Bankruptcy: Frequently Asked Questions
Our skilled team of bankruptcy attorneys have extensive experience with helping individuals and families seek the best form of debt relief, and they have handled more than 15,000 bankruptcy cases along the way. We have provided the following information to equip you with answers to the most commonly asked questions about bankruptcy and debt relief.
Q: What types of debts can be discharged through bankruptcy?
A: Through bankruptcy, a person can discharge his or her unsecured debts, which includes:
- Medical Bills
- Unpaid Credit Card Bills
- Unpaid Utility Bills
- Personal Loans
- Most Bank Loans
- Some Tax Debts
- Judgments from creditors
- Commercial and residential leases
- Business related debts
There are certain debts that cannot be discharged through bankruptcy, such as child support, alimony/spousal support, most student loans, tax debt, debt to the government, debt for crimes, court fines, and restitution to victims of personal injuries or accidents.
Q: If I file for bankruptcy does that mean my spouse has to also?
A: No. You can file for bankruptcy individually so the bankruptcy will not appear on your spouse's credit history.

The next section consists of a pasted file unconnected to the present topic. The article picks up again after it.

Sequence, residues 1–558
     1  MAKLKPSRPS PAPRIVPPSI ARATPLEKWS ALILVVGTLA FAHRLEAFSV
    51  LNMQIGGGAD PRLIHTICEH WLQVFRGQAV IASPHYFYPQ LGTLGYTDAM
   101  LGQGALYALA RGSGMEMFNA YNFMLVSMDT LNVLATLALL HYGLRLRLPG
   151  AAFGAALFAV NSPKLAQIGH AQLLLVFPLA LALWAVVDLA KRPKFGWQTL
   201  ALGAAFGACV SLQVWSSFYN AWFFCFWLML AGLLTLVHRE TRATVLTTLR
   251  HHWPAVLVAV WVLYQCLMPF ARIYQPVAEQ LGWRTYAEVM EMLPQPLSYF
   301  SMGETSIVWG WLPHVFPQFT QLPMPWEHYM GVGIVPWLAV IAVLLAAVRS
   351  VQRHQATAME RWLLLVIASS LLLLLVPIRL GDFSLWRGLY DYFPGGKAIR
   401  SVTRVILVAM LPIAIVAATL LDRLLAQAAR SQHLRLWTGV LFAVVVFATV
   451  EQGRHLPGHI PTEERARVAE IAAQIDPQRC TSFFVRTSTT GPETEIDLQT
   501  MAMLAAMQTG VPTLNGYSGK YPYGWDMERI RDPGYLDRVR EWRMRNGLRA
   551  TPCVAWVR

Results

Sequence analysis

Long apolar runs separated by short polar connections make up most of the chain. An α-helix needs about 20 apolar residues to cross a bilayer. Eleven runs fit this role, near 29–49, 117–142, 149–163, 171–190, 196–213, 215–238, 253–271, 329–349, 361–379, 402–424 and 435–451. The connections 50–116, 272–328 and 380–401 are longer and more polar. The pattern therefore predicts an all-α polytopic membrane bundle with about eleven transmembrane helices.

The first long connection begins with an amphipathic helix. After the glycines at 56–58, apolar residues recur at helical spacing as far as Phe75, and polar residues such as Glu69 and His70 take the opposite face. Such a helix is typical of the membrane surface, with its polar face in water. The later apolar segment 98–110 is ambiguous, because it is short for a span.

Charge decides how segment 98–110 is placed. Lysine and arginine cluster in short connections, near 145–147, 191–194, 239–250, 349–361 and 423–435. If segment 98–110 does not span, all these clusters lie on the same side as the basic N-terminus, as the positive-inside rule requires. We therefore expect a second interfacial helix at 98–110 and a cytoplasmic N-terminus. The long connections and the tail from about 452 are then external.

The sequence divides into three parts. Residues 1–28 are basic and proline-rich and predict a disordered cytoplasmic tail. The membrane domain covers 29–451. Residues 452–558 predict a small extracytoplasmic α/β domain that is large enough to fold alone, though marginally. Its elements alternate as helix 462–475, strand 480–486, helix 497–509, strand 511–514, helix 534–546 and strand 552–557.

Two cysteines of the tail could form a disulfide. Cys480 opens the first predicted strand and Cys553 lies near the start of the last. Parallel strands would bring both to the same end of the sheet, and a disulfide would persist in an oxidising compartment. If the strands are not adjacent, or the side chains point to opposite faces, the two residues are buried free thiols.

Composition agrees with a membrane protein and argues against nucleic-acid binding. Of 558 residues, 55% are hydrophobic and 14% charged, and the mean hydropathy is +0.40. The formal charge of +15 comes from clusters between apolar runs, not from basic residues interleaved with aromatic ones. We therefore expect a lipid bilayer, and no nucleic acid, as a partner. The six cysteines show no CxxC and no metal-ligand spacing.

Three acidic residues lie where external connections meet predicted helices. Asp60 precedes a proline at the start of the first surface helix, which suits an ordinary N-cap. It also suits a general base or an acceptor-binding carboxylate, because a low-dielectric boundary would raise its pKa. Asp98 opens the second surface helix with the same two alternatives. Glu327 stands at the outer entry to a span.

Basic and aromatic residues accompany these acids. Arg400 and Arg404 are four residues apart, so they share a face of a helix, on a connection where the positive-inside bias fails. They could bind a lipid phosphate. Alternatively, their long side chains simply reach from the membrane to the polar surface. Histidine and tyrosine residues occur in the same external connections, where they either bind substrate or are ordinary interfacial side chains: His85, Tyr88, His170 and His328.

Q: Will I lose my house or my car?
A: Probably not. These are considered "exempt assets" that are not dischargeable except in very rare circumstances. In all the years we've been practicing
bankruptcy law, rarely have we seen a client lose his or her home or car.
Q: Can bankruptcy protect me from wage garnishment?
A: Yes, after
filing for bankruptcy, any wage garnishment will stop. If your wages continue to be garnished after filing for bankruptcy, and experienced attorney can address the situation and help you resolve the issue immediately.
Q: Can creditors still contact me after I file for bankruptcy?
A: No. Filing for bankruptcy is a way to protect yourself from creditor harassment. After filing for bankruptcy, creditors are prohibited from harassing you or contacting you in any way.
Q: How long will a bankruptcy stay on my credit report?
A: A bankruptcy will usually remain on your credit report for approximately 10 years. However, even with a bankruptcy on your credit report, you will be able to obtain credit again much sooner than 10 years.